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 Post subject: Citation requested
PostPosted: Wed Oct 10, 2012 5:13 am 

Joined: Tue Oct 09, 2012 4:55 am
Posts: 4
Location: Michigan
What is the actual NESC citation requiring arc flash studies to be performed?


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PostPosted: Wed Oct 10, 2012 7:03 am 
Sparks Level

Joined: Tue Apr 03, 2012 1:28 pm
Posts: 53
Location: Louisville KY
Don't have my book with me (out of town) but look at article 410 of the NESC. NESC methodology only applies to open switchyards and open conductors on overhead and underground lines and only consider line to ground arc flash as I understand it. There is a chart in 410 (I believe) that gives the guidelines. If no one else replies, I get home on Saturday and can look it up.

Ken


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PostPosted: Wed Oct 10, 2012 8:21 am 

Joined: Tue Oct 09, 2012 4:55 am
Posts: 4
Location: Michigan
Thanks. It is 410.3. The NESC index is about useless. We are having interal discussions on how best to comply with NESC, NFPA 70E, and IEEE. Since the science and the field of study is not mature, we are trying to use the best judgement on appropriate reference materails and methods.


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PostPosted: Wed Oct 10, 2012 8:25 am 
Sparks Level

Joined: Tue Apr 03, 2012 1:28 pm
Posts: 53
Location: Louisville KY
I agree. The NESC needs an after-market index like Tom Henry does for the NEC (Tom Henry's Key Word Index for the NEC). You would think that someone could come up with a useful index for these code books and actually put them IN the book! :)


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PostPosted: Wed Oct 10, 2012 4:45 pm 
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Joined: Tue Oct 26, 2010 9:08 am
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Location: North Carolina
EHSS wrote:
Thanks. It is 410.3. The NESC index is about useless. We are having interal discussions on how best to comply with NESC, NFPA 70E, and IEEE. Since the science and the field of study is not mature, we are trying to use the best judgement on appropriate reference materails and methods.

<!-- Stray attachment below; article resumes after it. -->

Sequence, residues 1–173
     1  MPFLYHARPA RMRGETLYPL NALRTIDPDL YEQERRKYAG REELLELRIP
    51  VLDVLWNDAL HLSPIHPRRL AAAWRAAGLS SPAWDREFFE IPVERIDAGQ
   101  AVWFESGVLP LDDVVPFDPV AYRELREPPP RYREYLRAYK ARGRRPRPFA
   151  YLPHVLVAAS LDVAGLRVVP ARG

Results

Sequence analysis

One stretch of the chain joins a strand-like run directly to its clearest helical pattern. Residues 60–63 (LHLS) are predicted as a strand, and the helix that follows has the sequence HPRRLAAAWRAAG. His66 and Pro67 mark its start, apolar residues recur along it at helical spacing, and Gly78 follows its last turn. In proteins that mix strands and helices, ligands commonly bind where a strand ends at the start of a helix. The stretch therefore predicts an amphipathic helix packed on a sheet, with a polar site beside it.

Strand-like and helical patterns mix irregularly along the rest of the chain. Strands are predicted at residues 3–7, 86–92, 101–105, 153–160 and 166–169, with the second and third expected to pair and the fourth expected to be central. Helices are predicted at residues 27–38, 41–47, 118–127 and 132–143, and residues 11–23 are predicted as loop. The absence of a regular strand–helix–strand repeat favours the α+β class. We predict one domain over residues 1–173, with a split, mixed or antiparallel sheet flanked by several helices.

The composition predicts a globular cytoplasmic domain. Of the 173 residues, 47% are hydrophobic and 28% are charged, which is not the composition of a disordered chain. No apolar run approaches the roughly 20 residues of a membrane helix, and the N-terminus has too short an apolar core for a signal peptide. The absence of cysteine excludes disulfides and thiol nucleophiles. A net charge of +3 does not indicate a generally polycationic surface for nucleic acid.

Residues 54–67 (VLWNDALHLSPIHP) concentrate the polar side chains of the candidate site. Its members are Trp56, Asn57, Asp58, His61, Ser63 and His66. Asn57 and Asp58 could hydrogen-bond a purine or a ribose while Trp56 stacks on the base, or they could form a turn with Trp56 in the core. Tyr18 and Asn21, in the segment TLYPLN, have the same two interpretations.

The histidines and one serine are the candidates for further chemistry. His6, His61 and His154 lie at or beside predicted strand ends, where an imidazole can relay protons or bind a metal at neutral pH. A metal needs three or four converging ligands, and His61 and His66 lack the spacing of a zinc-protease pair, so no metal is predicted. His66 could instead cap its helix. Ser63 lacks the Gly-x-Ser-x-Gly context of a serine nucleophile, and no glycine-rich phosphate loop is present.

NESC works best in "distribution" type equipment. 70E works best for "utilization" type equipment. NESC is an IEEE standard (C2). Other IEEE standards are the backing standard behind both of them in many cases. For instance IEEE 1584 is the best for arc flash calculations within the limit of it's scope (<=15 kV for instance). NESC is using ArcPro by the way for the calculations that derive the table values. ArcPro is specifically meant for outdoor/open type equipment. There is no test data above 15 kV and ArcPro is a theoretical model so it's anyone's guess if it's wrong. 70E uses IEEE 1584 for the values (H/RC) used in it's tables. IEEE 1584 has some issues but is currently the best published standard for arc flash calculations within its limited range of voltages and currents.


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PostPosted: Wed Oct 10, 2012 4:57 pm 

Joined: Tue Oct 09, 2012 4:55 am
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Location: Michigan
Our panels and equipment is mainly 34,500 or 690 volts with a sizable number of amps behind it. The protection breakers and switches are robust and sophisticated, so we can limit duration fairly easily. We have been modeling arc flash with various software models and trying to ensure that we are providing the best information possible to our personnel for PPE and limiting the amout of incident energy through engineering and disbursing the amount of current to multiple switches. It is the best we can do right now without more hard data.


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PostPosted: Thu Oct 11, 2012 7:00 pm 
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Location: North Carolina
EHSS wrote:
Our panels and equipment is mainly 34,500 or 690 volts with a sizable number of amps behind it. The protection breakers and switches are robust and sophisticated, so we can limit duration fairly easily. We have been modeling arc flash with various software models and trying to ensure that we are providing the best information possible to our personnel for PPE and limiting the amout of incident energy through engineering and disbursing the amount of current to multiple switches. It is the best we can do right now without more hard data.


Watch out for SKM, ETAP, EasyPower, etc. Typically these software packages will revert to an arc flash model which is published and is fairly close to correct at 600 V. However it becomes exponentially inaccurate as the voltage increases and is off by a factor of 300% at 15 kV. One of the major fallacies is that it treats voltage and current as interchangeable which arc physics says they are not. ArcPro seems to be more accurate within the existing published data sets (up to 15 kV) but uses an unpublished, proprietary model. The third choice would be to simply refer to the tables in a consensus safety standard (IEEE C2 or NFPA 70E) and don't try to model above 15 kV. The latter is the approach we took because we recognized that we are on legally very weak ground if we utilized either of the available theoretical calculation models.


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